By far, the biggest opportunity for improvement of the Ms. Pac-Man Collection TV Games unit is the case design. A more ergonomic controller scheme that’s more comfortable in your hands would put this unit one step closer to perfection. As it is, my hands start to get really sore after even a few minutes of gripping the bulky, sharp-angled case. But such sweet pain it is.

As a final note, it occurred to me at some point while playing Galaga that this tiny $25 console would make an excellent basis for a dedicated, home-made arcade machine. Who needs a $2000 MAME rig or a $3000 Ms. Pac Man / Galaga machine when you could hack some real arcade controls to this box, stick it in a cabinet with a 20″ TV and have a damn good recreation of the arcade for a lot less? After a little bit of poking on the net, I found that someone else had the same idea and acted on it. I might just have to do that myself some day. If I do, I’ll be sure to let VC&G readers know about it. 🙂

The Skinny: Namco TV Games – Ms. Pac-Man Collection (Jakks Pacific)
Good Features: Good game selection that’s fun, varied, and faithful to the arcade. Great interface. Pause feature. Microswitch controls. Twist-controller kicks ass. Easy to set up.
Bad Features: Harshly-angled, anti-ergonomic case design cramps your hands after a while. Game selection could be better, with more and/or better games included.
VC Rating:
(10 Being Best)
[ 8 out of 10 ] Extreme Super Rating Units

An OS/2 Christmas Miracle

Wednesday, December 7th, 2005

I woke up groggy and cranky this morning, thinking about all the trouble I had setting up Windows 95 on one of my machines last night. The main problem with Windows 95 is that it’s just not cool. No matter how you slice it, it reeks of squareness. “What I really need,” I thought, “is a totally cool way to run my computer.” But after some hard thinking I realized that such a computing product doesn’t exist. I sat down for breakfast, resigned to the fact that I would be stuck with Windows 95 forever. I didn’t get five minutes into a bagel when the doorbell rung. It was David, my friendly neighborhood postman with a package for me. “What ever could be inside?” I wondered, as I tore into the box with excited impatience. I pushed aside the layers of bubble wrap to reveal…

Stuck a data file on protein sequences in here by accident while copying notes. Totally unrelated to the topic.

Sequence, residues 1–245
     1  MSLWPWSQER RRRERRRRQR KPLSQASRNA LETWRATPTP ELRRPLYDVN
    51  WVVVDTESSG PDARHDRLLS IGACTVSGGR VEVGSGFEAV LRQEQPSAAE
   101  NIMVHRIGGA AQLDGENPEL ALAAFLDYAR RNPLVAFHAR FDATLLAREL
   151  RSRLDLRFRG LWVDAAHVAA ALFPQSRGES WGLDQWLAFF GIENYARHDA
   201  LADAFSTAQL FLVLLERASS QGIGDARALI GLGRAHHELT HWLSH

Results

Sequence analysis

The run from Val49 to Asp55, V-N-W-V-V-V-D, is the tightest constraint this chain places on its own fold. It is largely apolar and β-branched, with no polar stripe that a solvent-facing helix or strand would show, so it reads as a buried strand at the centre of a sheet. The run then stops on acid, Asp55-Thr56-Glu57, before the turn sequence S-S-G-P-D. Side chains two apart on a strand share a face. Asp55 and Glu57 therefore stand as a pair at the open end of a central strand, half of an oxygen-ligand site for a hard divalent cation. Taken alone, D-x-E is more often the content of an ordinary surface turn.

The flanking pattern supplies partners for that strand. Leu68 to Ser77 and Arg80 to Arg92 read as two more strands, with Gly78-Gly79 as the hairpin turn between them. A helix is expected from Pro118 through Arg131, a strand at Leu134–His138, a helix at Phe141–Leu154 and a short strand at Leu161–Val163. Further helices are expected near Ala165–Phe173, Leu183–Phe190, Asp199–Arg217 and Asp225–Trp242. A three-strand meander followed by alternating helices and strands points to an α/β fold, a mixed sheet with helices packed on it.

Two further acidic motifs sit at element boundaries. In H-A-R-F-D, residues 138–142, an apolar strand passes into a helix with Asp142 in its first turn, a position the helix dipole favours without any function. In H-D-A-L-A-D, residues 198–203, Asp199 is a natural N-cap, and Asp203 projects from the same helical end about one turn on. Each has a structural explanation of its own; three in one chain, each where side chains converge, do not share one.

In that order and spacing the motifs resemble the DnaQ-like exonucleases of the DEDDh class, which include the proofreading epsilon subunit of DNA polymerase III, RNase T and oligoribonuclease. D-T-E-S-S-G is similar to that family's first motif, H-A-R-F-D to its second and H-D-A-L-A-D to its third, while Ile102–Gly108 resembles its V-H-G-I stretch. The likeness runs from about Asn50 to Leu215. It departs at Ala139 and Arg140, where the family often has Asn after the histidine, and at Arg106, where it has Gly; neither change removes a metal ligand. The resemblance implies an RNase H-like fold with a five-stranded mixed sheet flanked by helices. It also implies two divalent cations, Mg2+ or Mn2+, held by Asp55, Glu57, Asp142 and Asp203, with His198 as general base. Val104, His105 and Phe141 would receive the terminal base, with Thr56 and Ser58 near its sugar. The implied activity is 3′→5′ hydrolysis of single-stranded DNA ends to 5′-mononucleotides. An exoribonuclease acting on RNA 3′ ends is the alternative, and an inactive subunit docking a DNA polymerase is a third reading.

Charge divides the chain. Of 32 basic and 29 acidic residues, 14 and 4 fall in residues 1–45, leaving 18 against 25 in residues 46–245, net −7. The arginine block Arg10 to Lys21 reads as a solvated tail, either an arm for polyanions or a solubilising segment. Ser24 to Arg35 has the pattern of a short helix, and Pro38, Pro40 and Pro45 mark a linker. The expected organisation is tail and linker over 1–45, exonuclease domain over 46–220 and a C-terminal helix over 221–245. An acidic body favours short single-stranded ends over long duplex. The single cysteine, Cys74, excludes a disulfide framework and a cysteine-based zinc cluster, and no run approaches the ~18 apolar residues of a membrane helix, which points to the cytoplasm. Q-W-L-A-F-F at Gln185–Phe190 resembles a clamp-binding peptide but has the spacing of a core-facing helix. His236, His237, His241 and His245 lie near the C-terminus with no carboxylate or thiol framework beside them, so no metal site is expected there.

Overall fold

OS/2 Warp 3 Box Cover

“Oh boy.” I thought with disappointment, “Another archaic copy of OS/2 for my collection. Whee.” I was about to set the box down on a shelf and forget about it when my eyes meandered over to the upper left corner of the box cover. “Whoa! What’s this…?”

The Totally Cool Way to Run Your Computer

“Holy mother of goat cheese!” I screamed, nearly dropping the box from my hands. It was as if IBM had been looking into the future and totally reading my mind all those years ago when they released OS/2 Warp, the apparent mother of all operating systems. I flipped the box over onto its back to read more: “The new 32-bit, multitasking, multimedia, Internet-accessed, crash-protected, Windows friendly, totally cool way to run your computer.” Now that was what I needed to hear. No more Windows 95 crap for me. I rushed to install the system on my machine and experienced the pure operational bliss that is OS/2 Warp Version 3. It was a Christmas Miracle.

Performing a Permanent Famicom to NES Game Conversion

Monday, December 5th, 2005

RedWolf's SMB3J for the NESIn the VC&G article How to Tell if a Copy of Gyromite has a Famicom Adapter in it, I discussed how certain early NES game cartridges, especially Gyromite, have Famicom to NES converter boards built into them. Near the end of the entry I suggested that one could use such a board and an empty NES cartridge case to build a permanently-converted Famicom game for play on a regular American NES. Well, last week, I decided to actually do it. I chose a common Famicom game, the Japanese version of Super Mario Bros. 3 as my first guinea pig. There aren’t that many notable differences between the US and Japanese versions of SMB3, so this sort of game conversion would be better suited to a particularly good game that was never released in the US, or another game with more important differences between the US and Japanese versions. I don’t have that many Famicom games, so hence the choice.